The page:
But why are they completely pulling out? Is there some reason that the insurance companies cannot raise premiums to the point where it would be profitable? I suspect that the government of Florida has some kind of cap in place on premiums.

(If so, there's a lesson to learn here: you interfere with the market, and the law of unintended consequences takes over...)

Posted by: JD | January 23, 2008 4:42 PM | Report abuse

JD asks
"Somebody tell me again why it has to be the government who solves this problem?"

You'll have to ask Rudy.

Posted by: bsimon | January 23, 2008 4:42 PM | Report abuse

JD - this is actually a problem that private industry will not be able to solve in an economic fashion. When a hurricane or flood or fire or earthquake hits, a private company resorts to the remaining reinsurance market that has actually bought the insurance securities. this market has dwindled significantly in the past ten years after so many claims. this has the ability to wipe out an entire industry, one that is well-established in banking, real estate, retirement securities, etc.

by spreading the risk to the entire country it becomes manageable, although CA residents won't like paying for FL hurricanse and KS won't want to pay for CA fires.

My house on capitol hill was uninsurable under private insurers because it was within a terrorist zone. Despite this type of accident being excluded from coverage, only Lloyd's of London would issues a policy, and not for the full value.

If an attack actually happened and the property value went to zero, because of say a dirty bomb, guess what congress would do about it. same thing as NO. The modern world has created this risk in a greater proportion to any large risk we have ever had before and only the Federal government is capable of handling it.

finally one thing that actually is appropriate for the government and dontcha know all the kooky Libs are against it. go figure.

Posted by: kingofzouk | January 23, 2008 4:41 PM | Report abuse

Jim, the difference is that those buildings are still intact! No rebuilding needed. It's much less expensive to replace the contents than it is to replace a building that was wiped out by a natural disaster. So again, if you want to build in a danger zone, build one that is designed to withstand that disaster as the medievals did!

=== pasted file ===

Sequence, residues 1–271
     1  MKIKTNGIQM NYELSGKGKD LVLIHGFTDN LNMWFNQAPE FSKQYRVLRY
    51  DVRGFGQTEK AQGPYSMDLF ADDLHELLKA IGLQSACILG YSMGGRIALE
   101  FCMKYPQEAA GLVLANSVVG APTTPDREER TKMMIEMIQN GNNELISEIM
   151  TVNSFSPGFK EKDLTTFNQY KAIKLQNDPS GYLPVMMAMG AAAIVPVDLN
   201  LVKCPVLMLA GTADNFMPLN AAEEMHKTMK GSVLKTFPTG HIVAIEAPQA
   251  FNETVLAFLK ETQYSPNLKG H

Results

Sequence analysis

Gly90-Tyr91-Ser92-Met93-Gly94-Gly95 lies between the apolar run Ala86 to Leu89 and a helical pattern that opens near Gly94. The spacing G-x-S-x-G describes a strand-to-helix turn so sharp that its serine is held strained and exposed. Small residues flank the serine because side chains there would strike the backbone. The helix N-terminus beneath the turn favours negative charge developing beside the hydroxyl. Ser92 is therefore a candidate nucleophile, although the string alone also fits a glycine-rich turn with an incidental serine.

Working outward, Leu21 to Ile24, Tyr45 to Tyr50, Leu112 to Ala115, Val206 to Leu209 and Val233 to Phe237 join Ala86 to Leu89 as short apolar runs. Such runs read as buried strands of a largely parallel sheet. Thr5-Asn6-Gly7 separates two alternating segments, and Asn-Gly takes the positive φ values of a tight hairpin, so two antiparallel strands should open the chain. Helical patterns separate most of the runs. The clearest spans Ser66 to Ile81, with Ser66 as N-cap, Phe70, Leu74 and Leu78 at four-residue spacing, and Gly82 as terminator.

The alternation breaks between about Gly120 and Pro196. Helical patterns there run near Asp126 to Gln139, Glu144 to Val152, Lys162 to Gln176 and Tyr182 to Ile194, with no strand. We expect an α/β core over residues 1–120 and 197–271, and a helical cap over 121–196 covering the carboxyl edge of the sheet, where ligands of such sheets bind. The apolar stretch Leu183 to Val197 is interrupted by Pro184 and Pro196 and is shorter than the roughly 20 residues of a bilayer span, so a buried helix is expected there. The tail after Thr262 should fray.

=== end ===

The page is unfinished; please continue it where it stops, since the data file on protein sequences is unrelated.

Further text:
In CA, we have building codes to help protect against earthquakes. Shouldn't there be building codes to protect against the hurricane winds if you're in those areas? You'd think that this would at least be a minimum. But hurricane after hurricane, you see roofs flying off.

I also spent years living in Southeast Asia where there is a typhoon season (tropical version of a hurricane). A poor country, yet most of the buildings hold up. It's only in the shantytowns where you have roofs flying off or houses being mowed down. You'd think the richest country in the world would do better.

Posted by: femalenick | January 23, 2008 4:41 PM | Report abuse

By the way, one building had the highwater marks from the bigger floods identified by year.

Posted by: jimd52 | January 23, 2008 4:35 PM | Report abuse

I forgot to pose a question: for those who believe in the free enterprise system and letting the market forces play out, how do you feel about insurance companies refusing to renew policies in Florida because of the multi-billion payouts they've had to make in recent years? The state of Florida has had no choice but to become an insurer, which is probably the reason Giuliani took this stance.

Should an insurance company have the right to cancel a policy because it loses money? This is a national discussion that is happening quietly. States are having discussions with insurance companies on this very topic because they don't want to be insurers. Insurance companies are arguing for hurricanes to be treated like earthquakes, i.e., requiring separate insurance riders, if they're to conduct business in these hurricane-prone states at all.

Jim, you might know better how many policies have been dropped in FL, but I remember reading that Allstate canceled approx. 250k.

Posted by: femalenick | January 23, 2008 4:33 PM | Report abuse

Interesting discussion on FEMA vs some new federal flood/disaster insurance program.

While it makes sense to spread the risk out over as wide a population as possible, I, like others here, are wary of using some new gov bureaucracy to accomplish this.